". . . But the past does not exist independently from the present. Indeed, the past is only past because there is a present, just as I can point to something over there only because I am here. But nothing is inherently over there or here. In that sense, the past has no content. The past -- or more accurately, pastness -- is a position. Thus, in no way can we identify the past as past." p. 15

". . . But we may want to keep in mind that deeds and words are not as distinguishable as often we presume. History does not belong only to its narrators, professional or amateur. While some of us debate what history is or was, others take it into their own hands." p. 153

Silencing the Past: Power and the Production of History (1995) by Michel-Rolph Trouillot

Wednesday, September 14, 2011

The Latest *Jane Eyre* -- *Larkrise to Candleford* 4

Jane Eyre (2011). from BBC Films. 2 hours and 1 minute. Don't bother, particularly if you've watched other Jane Eyre television and movie versions. Nothing new here, and so flat and tasteless as to make cardbored (stet). Does it need to be added that the hair of the actress playing Jane is much too light -- nearly blonde! -- and she's much too pretty?Not that matters in the least. If ever there was a work that deals in emotions it was Jane Eyre. This version is a sketch of the book with no emotion, no detail, no point.

The very much shorter than the previous ones, season 4 of Larkrise to Candleford was an acceptable way to escape stresses. It's good there will be no more though. Since Brendan Coyle, Laura's father, left to become Lord Grantham's valet at Downton Abbey, one of the primary hearts of the series was absent. The couplings at the end were not entirely satisfactory. Am I wrong? Aren't Alf and flighty, silly Minnie a bad match for each other, even with impulsive, loose-moraled Caroline home from the prison house? Alf's marrying Minnie, and you know the babies will come 1-2-3-4-5-6. Minnie has never shown the slightest talent for managing -- anything. Alf refused a really good position training crews to handle the new steam harvest machine for the big landowners in favor of a'staying on the land,' the land that isn't his and belongs to the Big Landowner investing in the steam harvest machine and harvest crews. How long does Alf think he's going to stay on that land harvesting by scythe? He'll be forced into joining one of those seasonal crews in the end, for far smaller pay, rather than this offered high-paying full-time position, with future advancement certain.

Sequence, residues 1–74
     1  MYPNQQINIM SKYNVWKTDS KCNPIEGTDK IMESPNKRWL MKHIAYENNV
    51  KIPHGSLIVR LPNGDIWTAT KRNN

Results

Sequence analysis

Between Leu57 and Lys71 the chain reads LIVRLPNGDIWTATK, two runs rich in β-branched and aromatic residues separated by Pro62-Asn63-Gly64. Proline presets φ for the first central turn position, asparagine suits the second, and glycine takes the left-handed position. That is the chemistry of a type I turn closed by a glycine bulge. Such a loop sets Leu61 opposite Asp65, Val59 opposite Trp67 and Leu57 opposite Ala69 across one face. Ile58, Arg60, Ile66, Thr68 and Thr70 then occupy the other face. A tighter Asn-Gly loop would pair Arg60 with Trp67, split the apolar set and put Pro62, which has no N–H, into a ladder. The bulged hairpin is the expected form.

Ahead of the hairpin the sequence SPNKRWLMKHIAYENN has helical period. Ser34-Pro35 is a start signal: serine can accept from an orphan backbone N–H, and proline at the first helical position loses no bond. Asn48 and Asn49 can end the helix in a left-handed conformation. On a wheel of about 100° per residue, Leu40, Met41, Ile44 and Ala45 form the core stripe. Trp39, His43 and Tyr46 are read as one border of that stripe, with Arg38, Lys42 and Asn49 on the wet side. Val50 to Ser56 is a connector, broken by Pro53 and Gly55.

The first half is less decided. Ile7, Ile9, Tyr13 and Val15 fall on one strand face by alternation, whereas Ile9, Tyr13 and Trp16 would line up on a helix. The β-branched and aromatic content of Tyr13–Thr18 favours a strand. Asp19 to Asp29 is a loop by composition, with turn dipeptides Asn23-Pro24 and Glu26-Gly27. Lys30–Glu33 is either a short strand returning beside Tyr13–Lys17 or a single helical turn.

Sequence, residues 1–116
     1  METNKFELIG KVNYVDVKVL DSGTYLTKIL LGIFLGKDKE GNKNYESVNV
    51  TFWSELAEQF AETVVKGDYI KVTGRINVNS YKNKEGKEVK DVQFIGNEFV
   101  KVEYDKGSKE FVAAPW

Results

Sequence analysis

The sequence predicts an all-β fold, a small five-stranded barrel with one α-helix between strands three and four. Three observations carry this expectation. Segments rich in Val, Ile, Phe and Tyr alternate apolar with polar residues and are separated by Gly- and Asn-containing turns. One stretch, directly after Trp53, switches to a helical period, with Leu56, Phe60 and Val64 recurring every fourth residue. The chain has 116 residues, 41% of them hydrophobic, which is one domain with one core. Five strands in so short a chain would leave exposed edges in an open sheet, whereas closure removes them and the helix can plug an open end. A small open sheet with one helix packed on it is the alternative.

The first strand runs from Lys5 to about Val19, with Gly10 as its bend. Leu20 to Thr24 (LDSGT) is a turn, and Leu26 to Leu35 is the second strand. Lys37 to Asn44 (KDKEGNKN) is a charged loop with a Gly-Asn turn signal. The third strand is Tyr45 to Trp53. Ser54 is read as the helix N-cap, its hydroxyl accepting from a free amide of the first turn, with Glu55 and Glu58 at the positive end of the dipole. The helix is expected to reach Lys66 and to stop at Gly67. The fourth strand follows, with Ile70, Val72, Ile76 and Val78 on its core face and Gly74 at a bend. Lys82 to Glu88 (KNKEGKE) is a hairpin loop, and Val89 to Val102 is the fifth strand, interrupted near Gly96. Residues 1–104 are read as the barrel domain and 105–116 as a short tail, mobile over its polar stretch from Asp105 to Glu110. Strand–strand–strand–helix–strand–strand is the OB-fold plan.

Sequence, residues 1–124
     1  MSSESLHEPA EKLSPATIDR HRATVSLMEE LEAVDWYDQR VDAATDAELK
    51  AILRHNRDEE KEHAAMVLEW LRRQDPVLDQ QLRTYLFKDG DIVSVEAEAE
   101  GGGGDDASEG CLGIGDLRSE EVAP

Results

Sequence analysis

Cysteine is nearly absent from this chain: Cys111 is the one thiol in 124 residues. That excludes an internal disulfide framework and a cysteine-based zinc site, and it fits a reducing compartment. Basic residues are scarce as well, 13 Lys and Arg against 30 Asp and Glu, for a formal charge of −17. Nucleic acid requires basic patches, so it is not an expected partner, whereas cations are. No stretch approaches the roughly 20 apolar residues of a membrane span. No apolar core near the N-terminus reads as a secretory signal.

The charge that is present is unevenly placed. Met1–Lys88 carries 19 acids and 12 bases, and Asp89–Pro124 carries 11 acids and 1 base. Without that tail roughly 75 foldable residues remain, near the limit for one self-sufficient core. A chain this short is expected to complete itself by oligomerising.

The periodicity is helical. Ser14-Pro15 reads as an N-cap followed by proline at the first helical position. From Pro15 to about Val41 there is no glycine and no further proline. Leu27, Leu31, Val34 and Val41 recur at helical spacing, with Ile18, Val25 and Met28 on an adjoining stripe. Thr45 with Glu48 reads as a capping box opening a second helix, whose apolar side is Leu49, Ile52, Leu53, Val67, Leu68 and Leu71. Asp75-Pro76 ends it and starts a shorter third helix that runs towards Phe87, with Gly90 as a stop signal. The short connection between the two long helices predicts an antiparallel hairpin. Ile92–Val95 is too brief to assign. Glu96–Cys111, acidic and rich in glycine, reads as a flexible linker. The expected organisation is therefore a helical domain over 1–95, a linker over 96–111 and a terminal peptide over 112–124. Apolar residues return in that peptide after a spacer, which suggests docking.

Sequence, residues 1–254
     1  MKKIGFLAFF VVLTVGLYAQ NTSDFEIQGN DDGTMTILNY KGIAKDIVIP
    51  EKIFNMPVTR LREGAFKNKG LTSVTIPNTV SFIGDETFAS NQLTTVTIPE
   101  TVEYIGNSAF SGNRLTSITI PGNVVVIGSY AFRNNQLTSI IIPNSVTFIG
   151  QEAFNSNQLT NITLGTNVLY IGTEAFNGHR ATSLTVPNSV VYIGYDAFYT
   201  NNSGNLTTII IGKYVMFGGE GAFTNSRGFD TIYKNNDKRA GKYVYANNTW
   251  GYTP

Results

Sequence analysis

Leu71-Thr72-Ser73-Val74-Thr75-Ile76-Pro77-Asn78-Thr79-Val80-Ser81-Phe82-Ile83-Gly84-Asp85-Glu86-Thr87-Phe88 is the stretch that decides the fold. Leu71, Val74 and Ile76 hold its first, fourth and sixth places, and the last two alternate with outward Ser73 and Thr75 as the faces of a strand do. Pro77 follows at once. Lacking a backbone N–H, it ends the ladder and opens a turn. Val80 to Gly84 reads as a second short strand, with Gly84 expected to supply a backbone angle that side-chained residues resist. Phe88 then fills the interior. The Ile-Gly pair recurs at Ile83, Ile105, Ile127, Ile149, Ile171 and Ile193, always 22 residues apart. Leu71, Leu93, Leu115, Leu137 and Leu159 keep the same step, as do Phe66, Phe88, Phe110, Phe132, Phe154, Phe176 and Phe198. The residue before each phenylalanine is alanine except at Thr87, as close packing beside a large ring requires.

Ah well, Alf will be dead in a few years in the trenches of WWI. Minnie and all those kids will beg in the streets until Dorcas Lane takes them all on because she's grieving the loss of her adopted son, Sydney, who went to war as a surgeon and died of some horrid disease. Dorcas, having lost the post office and the forge to progress welcomes the chance of occupation -- and Minnie's grateful servitude, as Dorcas's income is severely reduced.

However, the bright spot is charmed Laura.  Her young man, the newspaper publisher, editor and journalist, now husband, will probably not die in WWI, but he will risk his life reporting from the fronts, loving every minute of it. In that time Laura will manage to squeeze out a novel between two pregnancies, which will have a mild success, will not be able to have the time to write again for herself until her middle-age, when she writes her memoir of growing up in a world that no longer exists.  This sells in numbers beyond anyone's expectations or dreams. After the death of Daniel and Laura, their children learn that during the war their father had a passionate liaison with a French dressmaker.  Laura and Daniel's youngest daughter is determined to find the sister she never knew she had, born out of her father's Great Adventure. Life goes on.

El V's had a wonderful, profitable, productive (of more work) time in Colombia. He gets home tonight about 1 AM. I so glad. I missed the fellow, though I myself was far more productive alone these last 8 days. I wrote a lot of pages, by golly. Still, I'm so glad he's on the way home.

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